Find out more about the best time of year to walk the Via Francigena here.
Pack some smarter evening clothes
Pack a change of clothes for the evening. Ideally, take something smart-ish that you can wear to a restaurant. In our experience, Italian’s dress quite smartly. Plus, you may feel more comfortable changing out of hiking clothes for the evening.
You can find out more about what to pack for the Via Francigena here.
Download the Via Francigena app
The Via Francigena official app is a very helpful resource. The navigation on the path is very good. Although the route is signposted, having the app provides extra help. We don’t think the app is as good as it can be yet, for example accommodation and amenities are not well integrated to the daily stages, but nevertheless it is useful.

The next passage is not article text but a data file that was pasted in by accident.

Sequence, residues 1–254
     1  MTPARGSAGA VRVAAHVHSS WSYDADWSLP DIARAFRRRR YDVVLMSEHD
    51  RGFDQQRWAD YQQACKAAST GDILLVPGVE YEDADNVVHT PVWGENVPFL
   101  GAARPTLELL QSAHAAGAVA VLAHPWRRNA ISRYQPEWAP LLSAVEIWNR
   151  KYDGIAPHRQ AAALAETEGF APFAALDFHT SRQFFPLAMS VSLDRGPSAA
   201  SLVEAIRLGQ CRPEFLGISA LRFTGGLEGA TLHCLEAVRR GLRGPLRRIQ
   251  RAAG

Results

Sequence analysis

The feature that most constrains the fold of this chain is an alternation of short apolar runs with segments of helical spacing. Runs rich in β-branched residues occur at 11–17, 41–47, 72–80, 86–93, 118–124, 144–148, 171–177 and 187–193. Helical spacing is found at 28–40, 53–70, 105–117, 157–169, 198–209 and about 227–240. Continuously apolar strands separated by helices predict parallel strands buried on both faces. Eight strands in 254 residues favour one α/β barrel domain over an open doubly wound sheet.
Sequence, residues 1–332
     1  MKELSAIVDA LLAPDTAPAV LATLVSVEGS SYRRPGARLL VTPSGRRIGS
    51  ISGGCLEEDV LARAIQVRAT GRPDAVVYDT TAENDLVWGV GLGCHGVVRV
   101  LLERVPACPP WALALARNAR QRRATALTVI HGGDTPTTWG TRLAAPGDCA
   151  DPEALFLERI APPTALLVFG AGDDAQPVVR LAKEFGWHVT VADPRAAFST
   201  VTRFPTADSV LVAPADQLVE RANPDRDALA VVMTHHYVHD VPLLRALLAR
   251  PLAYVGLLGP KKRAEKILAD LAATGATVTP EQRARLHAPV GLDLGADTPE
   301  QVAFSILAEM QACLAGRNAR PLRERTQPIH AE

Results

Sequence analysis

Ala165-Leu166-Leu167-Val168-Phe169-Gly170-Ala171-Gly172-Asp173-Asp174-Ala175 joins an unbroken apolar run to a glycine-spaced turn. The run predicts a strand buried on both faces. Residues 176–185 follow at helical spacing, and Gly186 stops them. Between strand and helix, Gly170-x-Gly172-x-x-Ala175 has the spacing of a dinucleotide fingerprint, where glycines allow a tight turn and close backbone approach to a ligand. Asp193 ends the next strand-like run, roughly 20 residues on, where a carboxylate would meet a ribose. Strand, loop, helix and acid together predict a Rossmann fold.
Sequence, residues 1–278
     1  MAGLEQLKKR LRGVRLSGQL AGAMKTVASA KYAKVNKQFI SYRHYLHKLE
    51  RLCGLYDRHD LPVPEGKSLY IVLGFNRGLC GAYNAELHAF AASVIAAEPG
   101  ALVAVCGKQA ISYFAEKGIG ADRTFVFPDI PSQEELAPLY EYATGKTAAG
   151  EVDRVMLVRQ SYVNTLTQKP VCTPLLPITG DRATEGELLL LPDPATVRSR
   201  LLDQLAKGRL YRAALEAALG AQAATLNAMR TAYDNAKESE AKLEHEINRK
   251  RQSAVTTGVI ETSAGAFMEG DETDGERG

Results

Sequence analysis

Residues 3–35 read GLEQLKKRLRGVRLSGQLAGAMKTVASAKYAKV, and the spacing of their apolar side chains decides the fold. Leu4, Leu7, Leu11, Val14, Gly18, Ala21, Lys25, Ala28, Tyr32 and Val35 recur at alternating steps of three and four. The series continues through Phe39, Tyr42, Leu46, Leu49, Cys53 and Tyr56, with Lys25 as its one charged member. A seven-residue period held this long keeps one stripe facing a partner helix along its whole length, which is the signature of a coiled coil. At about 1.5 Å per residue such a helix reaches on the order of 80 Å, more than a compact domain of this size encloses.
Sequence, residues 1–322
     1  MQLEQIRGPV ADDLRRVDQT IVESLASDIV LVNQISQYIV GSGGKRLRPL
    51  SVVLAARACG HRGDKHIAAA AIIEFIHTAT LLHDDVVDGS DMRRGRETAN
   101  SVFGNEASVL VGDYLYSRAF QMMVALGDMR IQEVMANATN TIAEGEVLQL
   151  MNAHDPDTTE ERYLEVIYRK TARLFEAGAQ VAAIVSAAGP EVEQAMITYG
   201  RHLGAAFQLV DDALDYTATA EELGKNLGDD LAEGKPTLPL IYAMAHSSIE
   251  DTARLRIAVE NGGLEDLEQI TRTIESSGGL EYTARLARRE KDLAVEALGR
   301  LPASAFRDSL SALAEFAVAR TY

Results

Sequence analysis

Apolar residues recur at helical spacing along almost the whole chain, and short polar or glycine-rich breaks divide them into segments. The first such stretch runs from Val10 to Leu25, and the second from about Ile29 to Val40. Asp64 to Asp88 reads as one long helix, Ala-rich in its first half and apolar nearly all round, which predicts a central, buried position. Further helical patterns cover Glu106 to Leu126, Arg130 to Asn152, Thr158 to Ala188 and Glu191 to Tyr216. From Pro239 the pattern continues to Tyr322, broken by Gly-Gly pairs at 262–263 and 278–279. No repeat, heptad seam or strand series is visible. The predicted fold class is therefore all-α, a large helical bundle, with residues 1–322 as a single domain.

You can find the app in your mobile phone app store. Details on the Via Francigena website.
Look out for road and path closures
When we walked from Lucca to Rome, the Via Francigena app also showed us when particular stretches of the path were closed. This meant that we could plan ahead and change our route. So, download the app and check it regularly. Also, keep an eye out for signs to direct you of route changes.
Don’t be afraid to get public transport if needed
We found that due to path closures, we were occasionally directed to walk on busy stretches of road.